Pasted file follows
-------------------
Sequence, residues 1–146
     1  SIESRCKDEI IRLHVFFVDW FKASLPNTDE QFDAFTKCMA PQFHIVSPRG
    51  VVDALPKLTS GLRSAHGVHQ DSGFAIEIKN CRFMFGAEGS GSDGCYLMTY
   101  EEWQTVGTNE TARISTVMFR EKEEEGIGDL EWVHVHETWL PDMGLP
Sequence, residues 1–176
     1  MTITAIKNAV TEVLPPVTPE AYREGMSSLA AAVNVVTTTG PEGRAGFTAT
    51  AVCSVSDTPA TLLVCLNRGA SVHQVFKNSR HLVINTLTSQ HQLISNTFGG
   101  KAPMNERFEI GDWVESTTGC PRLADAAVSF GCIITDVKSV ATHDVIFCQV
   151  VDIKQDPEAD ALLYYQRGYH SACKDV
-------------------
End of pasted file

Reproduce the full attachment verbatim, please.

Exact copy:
Sequence, residues 1–146
     1  SIESRCKDEI IRLHVFFVDW FKASLPNTDE QFDAFTKCMA PQFHIVSPRG
    51  VVDALPKLTS GLRSAHGVHQ DSGFAIEIKN CRFMFGAEGS GSDGCYLMTY
   101  EEWQTVGTNE TARISTVMFR EKEEEGIGDL EWVHVHETWL PDMGLP
Sequence, residues 1–176
     1  MTITAIKNAV TEVLPPVTPE AYREGMSSLA AAVNVVTTTG PEGRAGFTAT
    51  AVCSVSDTPA TLLVCLNRGA SVHQVFKNSR HLVINTLTSQ HQLISNTFGG
   101  KAPMNERFEI GDWVESTTGC PRLADAAVSF GCIITDVKSV ATHDVIFCQV
   151  VDIKQDPEAD ALLYYQRGYH SACKDV